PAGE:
For WordPress speed optimization, lightweight themes from Astra, Divi, and Neve are popular choices. These themes are designed for speed so that your website performs well.

How do I know if my website is slow?

You can gauge your website’s speed using tools like Google PageSpeed Insights, GTmetrix, or WebPageTest. Using these tools provides insights into your site’s performance and loading times.

What are the common mistakes that slow down WordPress sites?

Several common mistakes can adversely affect WordPress speed. These include not optimizing images, using outdated plugins or themes, failing to utilize caching solutions, and selecting poor-quality hosting providers.

What is a good WordPress speed for websites?

A good WordPress speed is when your site loads within 2 to 3 seconds. Faster load times, like under 1 second, are excellent and contribute to better user experience and potentially higher search engine rankings.

Can a website be too fast?

A website can’t be too fast. Improved WordPress performance always contributes to a better user experience, higher SEO rankings, and increased conversion rates.

How can I continually monitor and improve my WordPress speed?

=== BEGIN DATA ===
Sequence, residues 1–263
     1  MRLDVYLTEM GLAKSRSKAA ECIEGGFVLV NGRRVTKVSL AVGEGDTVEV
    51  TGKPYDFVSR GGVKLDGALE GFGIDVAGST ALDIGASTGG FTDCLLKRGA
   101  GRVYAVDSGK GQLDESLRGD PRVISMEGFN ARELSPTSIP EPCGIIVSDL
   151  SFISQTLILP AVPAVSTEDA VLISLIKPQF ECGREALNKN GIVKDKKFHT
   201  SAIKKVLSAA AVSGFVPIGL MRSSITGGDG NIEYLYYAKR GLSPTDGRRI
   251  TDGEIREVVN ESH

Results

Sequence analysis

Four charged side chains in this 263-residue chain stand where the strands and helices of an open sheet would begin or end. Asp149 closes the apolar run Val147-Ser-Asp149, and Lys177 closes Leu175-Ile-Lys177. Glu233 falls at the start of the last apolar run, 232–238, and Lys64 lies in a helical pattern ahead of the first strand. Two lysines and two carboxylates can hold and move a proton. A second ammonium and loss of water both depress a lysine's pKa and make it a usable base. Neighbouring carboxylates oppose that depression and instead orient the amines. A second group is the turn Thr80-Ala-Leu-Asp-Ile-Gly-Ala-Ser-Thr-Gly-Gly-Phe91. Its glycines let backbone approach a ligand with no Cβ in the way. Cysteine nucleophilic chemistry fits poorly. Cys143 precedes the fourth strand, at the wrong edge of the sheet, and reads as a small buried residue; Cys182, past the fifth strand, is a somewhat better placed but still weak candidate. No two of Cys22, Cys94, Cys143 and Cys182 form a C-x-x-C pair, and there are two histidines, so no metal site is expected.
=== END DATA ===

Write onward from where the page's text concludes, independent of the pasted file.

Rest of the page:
Regular speed tests using tools like Google PageSpeed Insights can provide valuable data on your site’s performance.

Staying updated on the latest best practices for WordPress performance optimization, monitoring server resources, and upgrading your hosting plan when necessary are also crucial steps.

How can I optimize my WordPress speed without plugins?

Optimizing WordPress speed without relying on plugins is indeed possible. A few strategies include choosing a lightweight theme, optimizing images before uploading them to your site, minimizing the use of external scripts, utilizing a Content Delivery Network (CDN), and enabling browser caching through your web host or server settings.

Final Thoughts

Each step you take towards optimizing your site contributes to better user engagement, higher search engine rankings, and overall improved website performance.

The cascade of benefits stemming from a fast-loading site underscores the importance of speed optimization in the digital space.

Now, it’s your turn to put these strategies into action. Start by analyzing your site’s current speed, identifying areas for improvement, and progressively implementing the recommended optimizations.

And don’t just stop here; continue exploring, learning, and applying new strategies to maintain a fast website. Soon, you will enjoy the rewarding outcome of all your efforts.